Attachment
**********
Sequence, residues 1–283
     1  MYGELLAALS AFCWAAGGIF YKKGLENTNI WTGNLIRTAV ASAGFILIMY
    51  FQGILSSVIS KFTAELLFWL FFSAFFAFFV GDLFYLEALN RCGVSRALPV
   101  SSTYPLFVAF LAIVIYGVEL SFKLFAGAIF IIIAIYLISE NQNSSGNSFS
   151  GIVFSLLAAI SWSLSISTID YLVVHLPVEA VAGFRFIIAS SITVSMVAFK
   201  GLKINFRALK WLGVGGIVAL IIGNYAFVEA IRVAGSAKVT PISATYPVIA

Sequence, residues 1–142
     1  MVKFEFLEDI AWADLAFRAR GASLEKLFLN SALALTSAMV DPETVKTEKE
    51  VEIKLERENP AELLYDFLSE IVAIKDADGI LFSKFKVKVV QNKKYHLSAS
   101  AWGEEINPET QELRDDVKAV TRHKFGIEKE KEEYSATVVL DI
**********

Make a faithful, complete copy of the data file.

Sequence, residues 1–283
     1  MYGELLAALS AFCWAAGGIF YKKGLENTNI WTGNLIRTAV ASAGFILIMY
    51  FQGILSSVIS KFTAELLFWL FFSAFFAFFV GDLFYLEALN RCGVSRALPV
   101  SSTYPLFVAF LAIVIYGVEL SFKLFAGAIF IIIAIYLISE NQNSSGNSFS
   151  GIVFSLLAAI SWSLSISTID YLVVHLPVEA VAGFRFIIAS SITVSMVAFK
   201  GLKINFRALK WLGVGGIVAL IIGNYAFVEA IRVAGSAKVT PISATYPVIA

Sequence, residues 1–142
     1  MVKFEFLEDI AWADLAFRAR GASLEKLFLN SALALTSAMV DPETVKTEKE
    51  VEIKLERENP AELLYDFLSE IVAIKDADGI LFSKFKVKVV QNKKYHLSAS
   101  AWGEEINPET QELRDDVKAV TRHKFGIEKE KEEYSATVVL DI